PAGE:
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System still respected

Businesses feel bite of jury duty

Dennis Lott said it best about jury duty: “We all have an obligation to do it and we all want the other guy to take care of it.”

Lott`s philosophy is reflective of many business owners when employees receive jury duty summons. Lott, owner of Eagle Carpets and Oriental Rugs in Ridgeland, has a staff of four, and said even though he respects the jury system, it is difficult for small business owners to keep their doors open when employees must take time off for jury duty.

Hinds County Circuit Court Judge E.J. Russell said she and other judges take financial hardship into consideration during the jury selection process.

“If there`s an individual who is a sole proprietor, like an insurance person who makes his living strictly on commission and doesn`t get a paycheck if he doesn`t work that week, that can be considered a financial hardship,” she said.

If jurors got fired from their jobs for taking time off for jury duty, the judge would retaliate, said Martin Mooney, an attorney with almost 50 years` experience in front of juries.

“Years ago, Hercules of Hattiesburg encouraged employees to respond when called for jury duty,” Mooney said. “In fact, they paid jurors regular wages for those days they served.”

Attorney James Bell, who served as a Hinds County Circuit Judge from 1983 and 1989, and recently defended Donnie Brooks in the Pearl High School shooting incident, said there`s a tendency for busy people to avoid jury duty.

“Many will say the business can`t function without them and they successfully avoid jury duty, but if we let all the busy people go, we would only have jurors who didn`t have anything to do,” Bell said.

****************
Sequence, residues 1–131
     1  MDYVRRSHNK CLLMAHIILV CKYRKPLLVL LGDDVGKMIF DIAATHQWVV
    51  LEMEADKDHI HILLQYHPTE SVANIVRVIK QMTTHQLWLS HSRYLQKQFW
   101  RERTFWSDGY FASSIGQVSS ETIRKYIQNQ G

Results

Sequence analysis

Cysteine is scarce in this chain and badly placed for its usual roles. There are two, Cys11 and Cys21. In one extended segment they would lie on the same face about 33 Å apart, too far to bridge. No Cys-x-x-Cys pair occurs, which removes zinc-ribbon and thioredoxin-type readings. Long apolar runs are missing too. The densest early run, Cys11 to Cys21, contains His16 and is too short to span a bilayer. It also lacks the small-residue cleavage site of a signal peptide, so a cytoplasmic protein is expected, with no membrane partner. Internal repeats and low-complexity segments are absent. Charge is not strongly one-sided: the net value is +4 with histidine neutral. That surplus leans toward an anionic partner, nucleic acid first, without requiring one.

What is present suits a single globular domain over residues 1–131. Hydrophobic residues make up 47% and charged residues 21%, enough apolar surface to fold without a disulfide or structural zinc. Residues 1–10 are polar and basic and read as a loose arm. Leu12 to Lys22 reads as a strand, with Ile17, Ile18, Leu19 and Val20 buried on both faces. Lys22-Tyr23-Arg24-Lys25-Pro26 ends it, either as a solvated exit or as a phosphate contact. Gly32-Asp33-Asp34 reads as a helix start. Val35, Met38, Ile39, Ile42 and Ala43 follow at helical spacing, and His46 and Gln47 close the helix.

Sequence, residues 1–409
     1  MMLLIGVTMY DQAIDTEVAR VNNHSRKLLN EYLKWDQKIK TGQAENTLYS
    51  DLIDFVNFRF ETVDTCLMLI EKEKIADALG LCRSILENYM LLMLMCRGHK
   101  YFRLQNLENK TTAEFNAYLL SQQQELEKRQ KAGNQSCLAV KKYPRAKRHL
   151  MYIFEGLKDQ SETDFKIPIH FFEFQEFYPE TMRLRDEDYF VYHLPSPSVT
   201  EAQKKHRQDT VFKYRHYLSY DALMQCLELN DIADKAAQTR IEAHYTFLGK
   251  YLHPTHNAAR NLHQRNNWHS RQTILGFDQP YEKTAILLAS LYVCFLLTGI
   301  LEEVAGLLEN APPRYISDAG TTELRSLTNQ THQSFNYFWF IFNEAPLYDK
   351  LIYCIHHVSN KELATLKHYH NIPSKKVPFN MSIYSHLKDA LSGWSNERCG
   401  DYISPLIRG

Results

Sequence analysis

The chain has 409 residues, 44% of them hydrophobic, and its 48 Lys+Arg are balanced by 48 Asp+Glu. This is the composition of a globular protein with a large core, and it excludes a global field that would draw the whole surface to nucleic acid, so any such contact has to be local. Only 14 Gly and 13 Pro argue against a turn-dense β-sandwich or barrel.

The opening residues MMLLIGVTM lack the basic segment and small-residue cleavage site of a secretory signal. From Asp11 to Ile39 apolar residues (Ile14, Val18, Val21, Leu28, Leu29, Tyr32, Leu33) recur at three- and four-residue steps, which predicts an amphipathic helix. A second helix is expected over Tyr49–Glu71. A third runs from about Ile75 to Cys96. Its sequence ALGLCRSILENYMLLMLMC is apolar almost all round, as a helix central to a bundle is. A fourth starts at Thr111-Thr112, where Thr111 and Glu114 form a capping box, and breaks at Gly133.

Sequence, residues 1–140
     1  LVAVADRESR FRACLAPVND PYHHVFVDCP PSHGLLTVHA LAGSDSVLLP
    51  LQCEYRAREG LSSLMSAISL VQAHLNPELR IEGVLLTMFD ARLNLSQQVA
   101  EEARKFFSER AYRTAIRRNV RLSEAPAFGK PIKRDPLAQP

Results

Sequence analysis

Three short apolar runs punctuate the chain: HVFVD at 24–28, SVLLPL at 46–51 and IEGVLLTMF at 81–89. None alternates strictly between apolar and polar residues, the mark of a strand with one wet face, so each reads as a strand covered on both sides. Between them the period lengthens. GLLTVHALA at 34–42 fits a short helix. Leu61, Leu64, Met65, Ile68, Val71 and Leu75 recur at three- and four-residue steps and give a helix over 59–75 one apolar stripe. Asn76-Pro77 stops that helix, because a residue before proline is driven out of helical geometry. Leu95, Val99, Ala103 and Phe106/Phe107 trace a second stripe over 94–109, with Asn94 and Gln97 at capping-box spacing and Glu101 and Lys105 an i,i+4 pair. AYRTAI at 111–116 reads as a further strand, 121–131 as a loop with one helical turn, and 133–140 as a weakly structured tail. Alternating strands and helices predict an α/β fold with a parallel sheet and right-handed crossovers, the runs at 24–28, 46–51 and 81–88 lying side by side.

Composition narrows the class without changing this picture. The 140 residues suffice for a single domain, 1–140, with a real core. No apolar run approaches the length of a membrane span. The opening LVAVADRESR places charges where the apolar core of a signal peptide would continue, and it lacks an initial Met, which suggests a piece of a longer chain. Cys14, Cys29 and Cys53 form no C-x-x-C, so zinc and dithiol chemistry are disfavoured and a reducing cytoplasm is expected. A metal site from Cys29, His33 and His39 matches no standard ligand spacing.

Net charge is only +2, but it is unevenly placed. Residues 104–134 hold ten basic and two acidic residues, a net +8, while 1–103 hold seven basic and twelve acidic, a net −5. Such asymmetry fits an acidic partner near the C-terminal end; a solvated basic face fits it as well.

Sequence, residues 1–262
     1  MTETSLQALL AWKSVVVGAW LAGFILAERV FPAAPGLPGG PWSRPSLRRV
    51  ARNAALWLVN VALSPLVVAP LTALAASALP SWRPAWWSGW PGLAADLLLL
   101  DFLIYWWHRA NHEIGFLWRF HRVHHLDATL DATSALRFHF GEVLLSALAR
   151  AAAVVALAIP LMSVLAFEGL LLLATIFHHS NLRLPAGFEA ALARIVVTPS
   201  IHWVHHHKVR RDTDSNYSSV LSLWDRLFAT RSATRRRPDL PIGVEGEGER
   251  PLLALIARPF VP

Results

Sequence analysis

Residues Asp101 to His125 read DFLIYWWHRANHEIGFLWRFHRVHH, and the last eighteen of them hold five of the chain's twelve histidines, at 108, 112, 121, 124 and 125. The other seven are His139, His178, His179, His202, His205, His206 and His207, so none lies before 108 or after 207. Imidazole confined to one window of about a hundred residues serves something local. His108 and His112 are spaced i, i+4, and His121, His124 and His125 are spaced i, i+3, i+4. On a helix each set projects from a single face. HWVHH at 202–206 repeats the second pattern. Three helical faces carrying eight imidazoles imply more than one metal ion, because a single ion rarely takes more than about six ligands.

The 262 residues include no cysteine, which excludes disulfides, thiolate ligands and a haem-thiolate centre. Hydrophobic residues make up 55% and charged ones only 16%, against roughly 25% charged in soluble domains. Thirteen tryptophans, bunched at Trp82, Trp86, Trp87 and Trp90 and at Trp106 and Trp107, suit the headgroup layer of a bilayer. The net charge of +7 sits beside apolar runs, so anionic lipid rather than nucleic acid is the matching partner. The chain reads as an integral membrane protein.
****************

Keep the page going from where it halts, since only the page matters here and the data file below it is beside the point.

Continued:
But not everyone`s dodging jury duty. Today`s jury pool accurately reflects the community, Russell said.

“Once jurors are selected to hear a case, their commitment to do the right thing is very, very clear,” Russell said. “They take the job extremely seriously and want to do the right thing.”

Circuit court judges rotate the jury qualification process, and potential jurors must be registered voters or property owners over the age of 21, must not have been convicted of a felony, and must be able to read and write to a reasonable degree. “If they can understand the summons, that`s reasonable,” she said.

After the initial qualification process, potential jurors are polled for excuses, such as age, health, financial hardship or school. People over the age of 65 do not have to serve, but are more prone to do their civic duty, she said.

“People over 65 make excellent, wonderful jurors,” said Bell. “They have experienced a lot and carry a lot of wisdom from that experience.”

For civil cases, lawyers usually get to choose 12 jurors from a pool of 36. Criminal cases have a pool of 48 potential jurors.

“The plaintiff and defendant want to have people who can give undivided attention to the matter at hand and not have a whole lot of distractions, whether they`re worried about who`s taking care of a small child or whether somebody`s getting fed and whether they`re going to be able to pay their bills because jurors don`t get paid very much money for service.”

Regardless of the money, there`s a certain appeal to be called as juror.

“Jurors are more important than anyone else in the trial,” said Mooney. “That`s their 15 minutes in the sun.”